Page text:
Running a Tabletop Roleplaying Game is challenging. There are a thousand little speed bumps that can derail things, from interpersonal issues at the table to the ever-dreaded scheduling issues. But beyond the stuff outside of the game there is one of the biggest things that throws game masters of every system for a loop. Player agency. At some point, someone at your table is going to do something unexpected, for good or for ill. They will befriend an NPC you had no plans for and haphazardly name ‘Boblin the goblin’. They will follow a clue that you never intended to even be a clue. They will successfully defeat your Big Bad before he even gets a chance to monologue at them.
That is when the diligent game master will have to rely on the most versatile tool at their disposal. Improv.
Improvising your way out of any given unexpected circumstance is a time honored game master tradition that goes back to the earliest days of the hobby. It can lead to some of the most memorable moments in a game or, if done deftly, players can think that was your plan all along. But it is high wire act that can be very intimidating to folks. “Just make it up?” you may say, “But I’ve got all these notes!”
I know. I know. It’s tough, to be sure. You have this story in your head as a game master. Themes and narrative beats that you see playing out in a certain way. So when your chaos gremlin players do something unexpected, inventive or just downright idiotic there is an instinct to say, “No! It doesn’t work like that!”
Fight that urge.
An overly controlling game master can be the death of some TTRPG groups when the players feel like they are being forced through the motions of whatever story you have in mind. Something I have to even remind myself from time to time is that my players are the main characters of this story we are telling together. I might have ideas about where it can go or what can happen but ultimately it is up to the players to pursue their own goals and play how they like.
But the goal isn’t to always say “yes”, it is knowing when not to say “no”. Like any discussion or negotiation, there is an ebb and flow to group storytelling. Tabletop RPGs offer a structure and guidelines to that give and take. The rulesets for different systems allowing the whole table to agree at the outset of play on what is permissible in the structure of the game. Nothing is stopping the friendly game master from reminding players what is or isn’t possible within the rules of the game, but you cross a line when you start dictating how a player should respond to a given scenario.
The old improv adage of “Yes, and…” are good watchwords, allowing you to consider how to highlight how your players choose to go about things but you shouldn’t be a slave to them. “Yes, but…” becomes the friend of the improvising game master.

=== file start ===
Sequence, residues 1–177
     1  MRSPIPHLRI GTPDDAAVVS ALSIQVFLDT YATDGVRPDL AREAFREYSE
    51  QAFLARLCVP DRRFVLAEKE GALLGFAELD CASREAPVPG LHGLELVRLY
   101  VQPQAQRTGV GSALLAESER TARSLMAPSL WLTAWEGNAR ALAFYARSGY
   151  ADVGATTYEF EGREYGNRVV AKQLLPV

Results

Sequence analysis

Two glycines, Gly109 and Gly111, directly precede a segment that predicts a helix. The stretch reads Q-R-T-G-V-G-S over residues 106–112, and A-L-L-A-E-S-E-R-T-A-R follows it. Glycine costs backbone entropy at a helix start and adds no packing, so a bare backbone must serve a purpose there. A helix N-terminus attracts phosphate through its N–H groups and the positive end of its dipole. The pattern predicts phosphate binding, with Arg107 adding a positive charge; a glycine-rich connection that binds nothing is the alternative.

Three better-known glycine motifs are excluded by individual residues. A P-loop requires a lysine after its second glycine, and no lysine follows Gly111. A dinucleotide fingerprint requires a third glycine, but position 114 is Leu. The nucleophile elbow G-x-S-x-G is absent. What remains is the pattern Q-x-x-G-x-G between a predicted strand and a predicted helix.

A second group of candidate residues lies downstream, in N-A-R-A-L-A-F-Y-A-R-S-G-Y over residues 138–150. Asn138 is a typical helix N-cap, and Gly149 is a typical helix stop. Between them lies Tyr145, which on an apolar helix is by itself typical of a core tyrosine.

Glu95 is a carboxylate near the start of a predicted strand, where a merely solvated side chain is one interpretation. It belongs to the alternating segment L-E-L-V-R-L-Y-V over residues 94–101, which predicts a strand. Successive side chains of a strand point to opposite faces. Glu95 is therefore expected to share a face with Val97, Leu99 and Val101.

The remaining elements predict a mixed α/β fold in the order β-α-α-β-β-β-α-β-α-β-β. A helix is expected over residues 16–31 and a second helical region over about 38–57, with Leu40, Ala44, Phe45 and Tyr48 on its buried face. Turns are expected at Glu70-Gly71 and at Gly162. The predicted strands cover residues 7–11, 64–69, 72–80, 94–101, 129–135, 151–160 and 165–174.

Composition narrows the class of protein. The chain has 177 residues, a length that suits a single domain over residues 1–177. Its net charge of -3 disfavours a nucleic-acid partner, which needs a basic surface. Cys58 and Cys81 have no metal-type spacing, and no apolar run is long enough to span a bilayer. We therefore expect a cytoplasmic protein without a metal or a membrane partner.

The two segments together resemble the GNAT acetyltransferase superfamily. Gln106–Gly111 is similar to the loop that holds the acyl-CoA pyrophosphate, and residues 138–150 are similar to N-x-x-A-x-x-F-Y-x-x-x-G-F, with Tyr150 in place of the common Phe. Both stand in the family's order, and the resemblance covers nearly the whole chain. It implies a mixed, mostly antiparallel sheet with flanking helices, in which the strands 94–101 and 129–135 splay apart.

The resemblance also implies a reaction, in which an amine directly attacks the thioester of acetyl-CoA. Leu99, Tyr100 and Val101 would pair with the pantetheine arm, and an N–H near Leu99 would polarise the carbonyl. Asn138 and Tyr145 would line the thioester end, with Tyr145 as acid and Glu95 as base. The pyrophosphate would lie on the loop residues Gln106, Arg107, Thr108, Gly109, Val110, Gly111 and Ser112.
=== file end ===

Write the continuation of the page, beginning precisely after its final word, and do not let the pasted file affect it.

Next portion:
“Yes, you managed to kill the dragon I wanted to escape while it was attempting to fly away by leaping onto its back but now you are falling on a dead dragon. What do you do?”
Good TTRPG improv is about letting the players feel vindicated for their decisions while still holding them responsible for the outcome. Sure, they may have managed to redirect the flow of a river into the underground goblin stronghold but do all the monsters inside just sit around and wait to drown? Rolling with the punches is the key.
And if the Game Masters nightmare comes to pass and your players somehow bypass a huge swath of planned content? Stuff you’ve spent hours preparing and setting up for and they just managed to talk a giant eagle into flying them over the cursed valley? Here’s the fun trick. The players never saw what you had planned, so use it somewhere else. Be modular. Cut and paste encounters you thought were going to be awesome and stick them someplace else. Slap a fresh coat of paint on that undead ferryman and suddenly you have a sickly dark elf at a different river crossing somewhere down the stretch.
You don’t have to abandon what you design just because your players find a way to skip it. There is no such thing as wasted effort when it comes to being a game master. It’s just a matter of sticking those things in your back pocket and finding somewhere to use them later. Because you spent a lot of time making that sweet ferryman encounter. You practiced a voice and everything! Why leave it on the cutting room floor just because your players had the bright idea to call in their favor with the Eagle Lords way earlier than you had anticipated?
I’m definitely not sore about it.
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